Ethan had his one year old check up – can you believe he is 1 already? He has really started changing from my baby into a little toddler. He is walking (and falling down) everywhere now and has even started climbing. His favorite word to use is “no!”
Anyway, I digress!
While at his pediatrician’s office I was asked if Jeff and I had obtained our whooping cough vaccine booster. I was pleasantly surprised by this question. Being what I consider to be an open minded advocate for immunizations I was pleased that this important vaccine was being addressed to us, his parents. You see, whooping cough is still a pretty common illness in our country even in spite of the vaccine series routinely being given to our children. And although whooping cough most often only causes an annoying, lingering cough in adolescents and adults, it can cause severe illness and even death in our very young and elderly.
Whooping cough, aka pertussis, aka the 100 day cough, is caused by the Bordetella pertussis bacteria. This infection affects the lungs, causing swelling and inflammation in the linings of the airways. A person who becomes infected may have cold like symptoms for a few days (I know- not very helpful symptoms). They will develop a cough that is often described as a staccato cough (rapid, short bursts). This cough is often so severe that people have difficulty catching their breath and they will make a “whooping” noise in between bursts of coughing (hence the name “whooping cough”.) The coughing can be quite severe and may cause vomiting and even petechiae (small breakings of blood vessels that can cause red dots on the skin that do not fade or blanch if you touch them.)
The infection can cause more severe problems in the very young. They often struggle to eat, drink, and even breathe. I have seen firsthand the devastation that this illness can cause and have spent sleepless nights monitoring the breathing of infants and young children affected by pertussis. The infection can even lead to pneumonia, seizures, brain damage, and death. Before the vaccine was developed in the 1940’s, there were reportedly between 150,000 and 200,000 cases of whooping cough every year. With the vaccine this number has been reduced to about 10,000 to 30,000 cases every year.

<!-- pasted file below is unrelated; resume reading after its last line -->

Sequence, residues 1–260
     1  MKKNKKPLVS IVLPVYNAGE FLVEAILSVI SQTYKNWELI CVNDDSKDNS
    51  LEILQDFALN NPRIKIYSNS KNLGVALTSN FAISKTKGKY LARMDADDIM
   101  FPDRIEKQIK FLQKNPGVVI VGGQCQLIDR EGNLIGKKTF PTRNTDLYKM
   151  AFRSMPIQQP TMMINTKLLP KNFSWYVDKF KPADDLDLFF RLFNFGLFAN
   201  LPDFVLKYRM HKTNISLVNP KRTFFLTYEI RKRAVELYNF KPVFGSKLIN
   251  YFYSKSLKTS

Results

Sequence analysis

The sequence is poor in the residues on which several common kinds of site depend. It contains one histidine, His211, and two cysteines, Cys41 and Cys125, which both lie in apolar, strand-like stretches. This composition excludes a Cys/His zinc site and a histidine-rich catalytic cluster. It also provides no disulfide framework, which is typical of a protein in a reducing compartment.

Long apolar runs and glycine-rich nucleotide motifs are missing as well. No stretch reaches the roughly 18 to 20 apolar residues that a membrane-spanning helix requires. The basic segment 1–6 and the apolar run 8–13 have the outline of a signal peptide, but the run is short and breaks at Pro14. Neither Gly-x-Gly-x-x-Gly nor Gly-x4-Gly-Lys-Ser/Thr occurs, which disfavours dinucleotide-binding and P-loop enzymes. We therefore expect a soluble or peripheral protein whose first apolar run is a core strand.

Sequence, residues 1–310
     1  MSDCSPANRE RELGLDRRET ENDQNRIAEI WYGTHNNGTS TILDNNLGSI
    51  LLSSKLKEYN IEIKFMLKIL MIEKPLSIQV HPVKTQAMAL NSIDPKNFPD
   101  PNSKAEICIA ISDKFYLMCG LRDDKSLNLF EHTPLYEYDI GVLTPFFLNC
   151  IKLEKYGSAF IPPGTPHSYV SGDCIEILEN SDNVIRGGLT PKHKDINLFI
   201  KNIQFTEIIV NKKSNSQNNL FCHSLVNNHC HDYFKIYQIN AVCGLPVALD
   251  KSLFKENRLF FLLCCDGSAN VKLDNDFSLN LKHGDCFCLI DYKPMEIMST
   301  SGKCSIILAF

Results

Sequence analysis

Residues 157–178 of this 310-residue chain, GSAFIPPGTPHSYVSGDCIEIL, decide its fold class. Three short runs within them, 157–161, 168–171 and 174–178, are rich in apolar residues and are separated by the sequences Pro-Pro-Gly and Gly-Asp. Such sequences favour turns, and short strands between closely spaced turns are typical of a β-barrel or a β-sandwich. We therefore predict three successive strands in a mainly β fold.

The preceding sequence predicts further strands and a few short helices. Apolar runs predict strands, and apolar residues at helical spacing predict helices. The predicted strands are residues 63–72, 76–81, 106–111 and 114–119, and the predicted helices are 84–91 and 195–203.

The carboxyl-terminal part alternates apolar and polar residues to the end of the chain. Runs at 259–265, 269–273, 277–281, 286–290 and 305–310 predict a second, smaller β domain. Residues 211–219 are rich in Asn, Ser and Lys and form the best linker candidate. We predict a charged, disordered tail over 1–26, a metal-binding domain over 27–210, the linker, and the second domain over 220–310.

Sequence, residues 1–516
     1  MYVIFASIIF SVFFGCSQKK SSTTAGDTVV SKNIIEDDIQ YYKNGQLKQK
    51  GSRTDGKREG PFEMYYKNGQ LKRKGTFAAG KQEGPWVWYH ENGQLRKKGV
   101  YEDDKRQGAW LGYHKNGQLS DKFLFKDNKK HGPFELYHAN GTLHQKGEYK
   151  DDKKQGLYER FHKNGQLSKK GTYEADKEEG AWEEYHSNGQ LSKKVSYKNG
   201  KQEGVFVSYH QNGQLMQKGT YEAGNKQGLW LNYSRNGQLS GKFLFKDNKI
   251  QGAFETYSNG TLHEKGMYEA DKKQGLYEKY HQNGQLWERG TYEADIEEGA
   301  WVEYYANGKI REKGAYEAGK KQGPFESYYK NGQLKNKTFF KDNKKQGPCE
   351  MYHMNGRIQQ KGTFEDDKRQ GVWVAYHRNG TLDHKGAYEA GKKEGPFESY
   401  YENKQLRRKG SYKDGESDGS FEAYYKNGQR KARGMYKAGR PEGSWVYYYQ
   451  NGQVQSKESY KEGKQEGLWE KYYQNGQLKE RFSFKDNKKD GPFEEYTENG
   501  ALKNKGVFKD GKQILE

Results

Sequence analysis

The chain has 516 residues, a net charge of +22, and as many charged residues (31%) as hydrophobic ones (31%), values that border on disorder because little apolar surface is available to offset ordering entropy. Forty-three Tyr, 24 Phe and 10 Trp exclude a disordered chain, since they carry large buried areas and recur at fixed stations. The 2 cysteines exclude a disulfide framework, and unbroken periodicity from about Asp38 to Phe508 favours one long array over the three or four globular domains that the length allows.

However, we have realized that the effectiveness of the vaccine wanes over time and therefore we are in need of booster dosing after childhood. Currently the CDC recommends that adolescents receive a pertussis booster (combined with tetanus= Tdap) at age 11 years old or prior to entering 7th grade. It is also highly encouraged and recommended that all adults receive the same booster dose of Tdap once, especially if they will be in close contacts with babies and small children. It is believed that by protecting all persons around an infant from a serious illness, we will be able to protect the infant and their budding immune systems; this is known as cocooning.
The infants should also receive the series of vaccines with pertussis in them (DTaP) at 2 months, 4 months, 6 months, 12-18 months, and 4-6 years, but they are not fully protected until they have completed the series.
Obviously there are risks as well as benefits to all immunizations. This risk of problems from receiving the vaccine must be weighed against the risk of contracting the infection or worse, infecting a small child with pertussis. Please just consider the vaccine for you and your household, discuss it with your healthcare provider. Your local health department may be able to provide the vaccine for free or at reduced cost should you need assistance.